But, you may be wondering who you have to thank for Cats (2019) being in the same debate as Gustav Klimt's The Kiss?
Well, it all began in Moscow in 1919.
Welcome to the Russian Revolution, and the first-ever film school has opened in Moscow. Its purpose was to teach students how to edit existing reels into propaganda films. Here, Lev Kuleshov, a director and film theorist, taught.
Due to the revolution, there was a lack of funding from the government to produce films. But, this didn't stop Kuleshov and his students from studying cinema on paper and using silent cinema archives to assemble new movies. However, Kuleshov's access to these reels was a lethal decision. He destroyed much of this footage from cutting and splicing the cine films for his study.
Yet, every cloud has a silver lining, and it is within this study, Kuleshov introduced the Soviet montage theory - and the beginning of film theory itself.
Lev Kuleshov's Experiments
Lev Kuleshov's love for cinema was all in the editing. In 1921, he began conducting experiments to prove that montage (the assembly and editing of shots) was the most critical step in making a film. He studied Western cinema, particularly D.W. Griffith's cross-cutting to build a narrative. Kuleshov even used a print of Griffith's film Intolerance in lessons where his students rearranged the film's shots into hundreds of combinations.
By the end of his experiments, Kuleshov had founded two critical theories: the Kuleshov effect and creative geography. He theorised that editing controls the continuity of time and space in a film. His findings also showed that the viewer is an active participant in constructing the meaning of films.
The Kuleshov Effect
A name created by film historians, the Kuleshov effect is infamous for proving that the viewer subconsciously reads a scene based on the assembly of shots. Much like studying a painting, everyone perceives the image they see before them based on their experiences in life. However, unlike a still picture, film shots can evoke varying emotions depending on the assembly of images.
To help explain, Kuleshov created a short film where he used the same shot of an actor staring into the camera and cut it with three other contrasting pictures: a bowl of soup, a dead child in a coffin and a woman seductively lying on a bed.
Source: Curator Magazine
Kuleshov showed this film to three separate audiences at his film school. His results found that the viewer's opinion of the actor's expression differed depending on which image they saw next to his face. For example, the audience believed the actor looked hungry when cut with the soup; he looked sad when cut with the dead child and lustful when cut with the woman lying down.
So, what's the importance?
His experiment led to the theory that the audience has an active role in constructing meaning when watching a sequence of images. Take the shot of the dead child, for instance: since the audience equates death with sadness when the film cuts to the video of the actor, the audience then places their feeling of sadness onto the actor's neutral expression.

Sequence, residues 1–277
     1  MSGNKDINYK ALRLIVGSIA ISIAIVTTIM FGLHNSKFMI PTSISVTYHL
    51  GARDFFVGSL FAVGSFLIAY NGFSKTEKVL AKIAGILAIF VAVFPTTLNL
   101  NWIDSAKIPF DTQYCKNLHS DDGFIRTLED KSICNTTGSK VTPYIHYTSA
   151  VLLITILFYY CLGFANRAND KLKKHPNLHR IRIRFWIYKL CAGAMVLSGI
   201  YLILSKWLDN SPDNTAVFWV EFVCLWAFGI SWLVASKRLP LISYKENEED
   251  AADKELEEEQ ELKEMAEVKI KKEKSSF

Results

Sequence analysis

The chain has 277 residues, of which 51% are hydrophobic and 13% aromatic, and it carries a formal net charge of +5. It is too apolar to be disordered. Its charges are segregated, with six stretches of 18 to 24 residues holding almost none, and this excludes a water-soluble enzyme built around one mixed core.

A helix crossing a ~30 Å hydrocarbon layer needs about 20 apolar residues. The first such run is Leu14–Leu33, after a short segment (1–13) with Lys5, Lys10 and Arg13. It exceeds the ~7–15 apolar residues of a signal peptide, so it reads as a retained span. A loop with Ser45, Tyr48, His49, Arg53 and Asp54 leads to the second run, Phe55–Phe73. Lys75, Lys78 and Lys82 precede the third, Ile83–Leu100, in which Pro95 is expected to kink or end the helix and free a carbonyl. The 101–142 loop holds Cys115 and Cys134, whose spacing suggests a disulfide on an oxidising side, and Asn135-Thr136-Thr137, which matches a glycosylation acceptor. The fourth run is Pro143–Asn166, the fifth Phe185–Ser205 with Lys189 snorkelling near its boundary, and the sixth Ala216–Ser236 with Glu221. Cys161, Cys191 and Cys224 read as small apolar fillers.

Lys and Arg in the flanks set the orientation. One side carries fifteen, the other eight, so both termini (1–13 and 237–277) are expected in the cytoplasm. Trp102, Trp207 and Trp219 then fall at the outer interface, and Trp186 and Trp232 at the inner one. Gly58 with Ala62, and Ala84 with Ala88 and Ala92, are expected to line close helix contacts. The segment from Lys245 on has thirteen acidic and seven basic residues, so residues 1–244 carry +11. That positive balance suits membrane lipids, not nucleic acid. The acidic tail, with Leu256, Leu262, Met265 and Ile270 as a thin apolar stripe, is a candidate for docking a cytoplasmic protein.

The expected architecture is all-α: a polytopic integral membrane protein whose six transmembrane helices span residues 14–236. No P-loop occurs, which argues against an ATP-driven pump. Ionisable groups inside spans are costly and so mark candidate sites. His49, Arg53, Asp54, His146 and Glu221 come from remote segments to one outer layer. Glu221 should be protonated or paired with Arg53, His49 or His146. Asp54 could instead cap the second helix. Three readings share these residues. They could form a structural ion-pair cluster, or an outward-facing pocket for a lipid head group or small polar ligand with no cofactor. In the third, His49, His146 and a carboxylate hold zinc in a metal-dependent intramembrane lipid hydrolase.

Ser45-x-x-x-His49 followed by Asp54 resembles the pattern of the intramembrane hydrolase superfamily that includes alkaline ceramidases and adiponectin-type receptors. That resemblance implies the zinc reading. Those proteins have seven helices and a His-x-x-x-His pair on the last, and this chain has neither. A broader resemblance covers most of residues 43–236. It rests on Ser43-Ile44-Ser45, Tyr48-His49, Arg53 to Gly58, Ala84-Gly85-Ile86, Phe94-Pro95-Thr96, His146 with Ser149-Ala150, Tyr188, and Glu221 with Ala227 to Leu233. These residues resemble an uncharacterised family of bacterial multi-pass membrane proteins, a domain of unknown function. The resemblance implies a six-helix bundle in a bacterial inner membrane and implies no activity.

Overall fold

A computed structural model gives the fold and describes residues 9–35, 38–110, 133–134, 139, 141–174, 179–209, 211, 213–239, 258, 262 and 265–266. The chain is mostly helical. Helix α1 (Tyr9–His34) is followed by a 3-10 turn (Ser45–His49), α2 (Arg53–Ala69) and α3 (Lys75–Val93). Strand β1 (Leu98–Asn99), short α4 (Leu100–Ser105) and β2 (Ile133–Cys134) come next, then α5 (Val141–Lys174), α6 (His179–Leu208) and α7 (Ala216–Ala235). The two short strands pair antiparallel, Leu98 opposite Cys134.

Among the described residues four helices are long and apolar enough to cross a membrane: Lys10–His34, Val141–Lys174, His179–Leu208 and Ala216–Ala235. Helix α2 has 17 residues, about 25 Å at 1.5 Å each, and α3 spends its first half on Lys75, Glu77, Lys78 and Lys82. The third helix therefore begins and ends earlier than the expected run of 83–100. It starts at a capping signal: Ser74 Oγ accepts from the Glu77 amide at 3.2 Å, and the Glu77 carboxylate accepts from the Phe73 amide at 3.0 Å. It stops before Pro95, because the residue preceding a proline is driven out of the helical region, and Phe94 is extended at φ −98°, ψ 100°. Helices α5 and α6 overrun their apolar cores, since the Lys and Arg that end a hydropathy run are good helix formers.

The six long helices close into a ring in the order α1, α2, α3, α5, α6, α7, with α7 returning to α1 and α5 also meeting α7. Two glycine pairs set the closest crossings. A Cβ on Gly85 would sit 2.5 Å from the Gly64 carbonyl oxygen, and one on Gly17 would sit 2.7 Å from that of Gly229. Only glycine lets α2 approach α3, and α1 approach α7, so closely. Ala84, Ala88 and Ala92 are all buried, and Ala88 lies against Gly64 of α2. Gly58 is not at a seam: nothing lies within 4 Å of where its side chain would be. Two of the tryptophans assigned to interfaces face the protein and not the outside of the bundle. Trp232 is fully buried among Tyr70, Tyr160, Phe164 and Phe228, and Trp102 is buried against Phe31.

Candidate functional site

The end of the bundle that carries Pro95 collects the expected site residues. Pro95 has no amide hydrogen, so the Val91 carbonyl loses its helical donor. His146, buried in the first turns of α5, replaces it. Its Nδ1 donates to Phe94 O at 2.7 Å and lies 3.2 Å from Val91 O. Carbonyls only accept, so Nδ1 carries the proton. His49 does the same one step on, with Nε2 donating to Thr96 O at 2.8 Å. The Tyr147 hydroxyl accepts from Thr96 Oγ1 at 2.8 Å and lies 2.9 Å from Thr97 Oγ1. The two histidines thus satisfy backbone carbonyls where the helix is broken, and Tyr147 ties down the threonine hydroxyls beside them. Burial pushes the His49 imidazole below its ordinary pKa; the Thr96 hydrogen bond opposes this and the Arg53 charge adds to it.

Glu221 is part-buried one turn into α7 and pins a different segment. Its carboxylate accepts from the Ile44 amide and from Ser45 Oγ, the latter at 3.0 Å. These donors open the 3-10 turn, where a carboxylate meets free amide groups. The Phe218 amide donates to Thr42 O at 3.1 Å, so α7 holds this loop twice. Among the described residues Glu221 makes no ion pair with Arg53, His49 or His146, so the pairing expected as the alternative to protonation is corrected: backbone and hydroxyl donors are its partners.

Interestingly, this led to an understanding that a director could manipulate the viewer's interpretation of a scene by assembling shots in a particular order - a perfect trick for creating propaganda footage from existing archives.
The Kuleshov effect also proved that the editing establishes the time and space within a scene. When creating his short film to explain the Kuleshov effect, he used existing footage of the actor, soup, dead girl and seductive woman. In doing so, he saw that the audience believed the man was looking at the three separate things, even though the shots were filmed at different times and places.
With that knowledge, Kuleshov began experimenting further with continuity editing by creating artificial landscapes. First, he filmed two actors in different parts of Moscow. Then, cut the shots together to make it appear like the two actors were walking towards each other. To hammer his point home, when the actor's met, he filmed them looking off into the distance and cut it with an image of the White House in Washington (which obviously does not exist in Moscow).
The editing leads the audience to believe the actors exist within the same setting, and the White House is within the spatial whole of the scene - even though we know that this is not possible in real life.
Kuleshov's experiments influenced modern directors.
Another example of creative geography is in Jurassic Park when the scientists see a dinosaur for the first time. The viewer watches the characters look aghast as they look into the distance. Spielberg cuts to an image of dinosaurs roaming around the park and then cuts back to the car. Now, we all know that pastures of land filled with dinosaurs do not exist. However, as viewers, we understand that the scientists are looking at a dinosaur because Shot A shows the characters looking off in the distance and Shot B shows us a dinosaur eating leaves.
The audience reads signals through a film's montage to make sense of space and time within scenes. Hence, directors can splice together two different landscapes and trick the audience into believing it is the same space without an establishing shot.
Kuleshov's experimentations founded the Soviet Montage style that his student, Sergei Eisenstein, would later use. His studies concluded that the assembly of shots constructed the time, space and meaning in film. He even believed that acting was subservient to editing because editing can arouse different emotions from a viewer.
To find out more about Soviet Montage Theory, check out our article on Kuleshov's student Sergei Eisenstein coming out next year! But, before then, create your own film transfer by digitising your cine reels with Digital Converters.